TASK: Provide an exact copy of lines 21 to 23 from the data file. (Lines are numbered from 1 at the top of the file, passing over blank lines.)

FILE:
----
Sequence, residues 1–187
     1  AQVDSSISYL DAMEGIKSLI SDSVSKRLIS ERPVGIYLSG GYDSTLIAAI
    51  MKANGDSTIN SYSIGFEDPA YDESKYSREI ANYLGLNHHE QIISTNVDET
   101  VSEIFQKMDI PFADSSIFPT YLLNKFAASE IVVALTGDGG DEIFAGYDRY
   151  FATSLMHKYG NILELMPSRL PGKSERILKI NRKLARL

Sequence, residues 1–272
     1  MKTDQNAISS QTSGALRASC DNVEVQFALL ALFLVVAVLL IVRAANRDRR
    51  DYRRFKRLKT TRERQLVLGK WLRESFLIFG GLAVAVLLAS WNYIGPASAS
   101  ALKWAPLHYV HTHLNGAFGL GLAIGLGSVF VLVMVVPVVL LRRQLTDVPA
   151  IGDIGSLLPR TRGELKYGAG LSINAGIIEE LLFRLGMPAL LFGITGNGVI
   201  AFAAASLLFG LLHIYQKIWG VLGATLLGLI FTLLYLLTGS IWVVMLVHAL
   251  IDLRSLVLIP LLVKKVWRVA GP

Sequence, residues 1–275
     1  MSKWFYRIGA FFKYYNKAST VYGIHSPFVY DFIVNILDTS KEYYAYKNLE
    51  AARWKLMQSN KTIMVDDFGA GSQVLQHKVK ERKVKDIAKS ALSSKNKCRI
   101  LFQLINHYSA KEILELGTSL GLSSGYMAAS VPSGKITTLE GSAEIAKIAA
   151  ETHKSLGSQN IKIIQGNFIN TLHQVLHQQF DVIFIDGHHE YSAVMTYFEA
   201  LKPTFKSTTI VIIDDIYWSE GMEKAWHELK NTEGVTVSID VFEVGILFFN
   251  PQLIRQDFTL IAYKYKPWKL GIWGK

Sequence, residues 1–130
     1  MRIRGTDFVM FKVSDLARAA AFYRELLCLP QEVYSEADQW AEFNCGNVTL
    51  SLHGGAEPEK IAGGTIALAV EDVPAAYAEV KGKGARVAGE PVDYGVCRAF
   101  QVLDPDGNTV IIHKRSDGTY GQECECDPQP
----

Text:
     1  MRIRGTDFVM FKVSDLARAA AFYRELLCLP QEVYSEADQW AEFNCGNVTL
    51  SLHGGAEPEK IAGGTIALAV EDVPAAYAEV KGKGARVAGE PVDYGVCRAF
   101  QVLDPDGNTV IIHKRSDGTY GQECECDPQP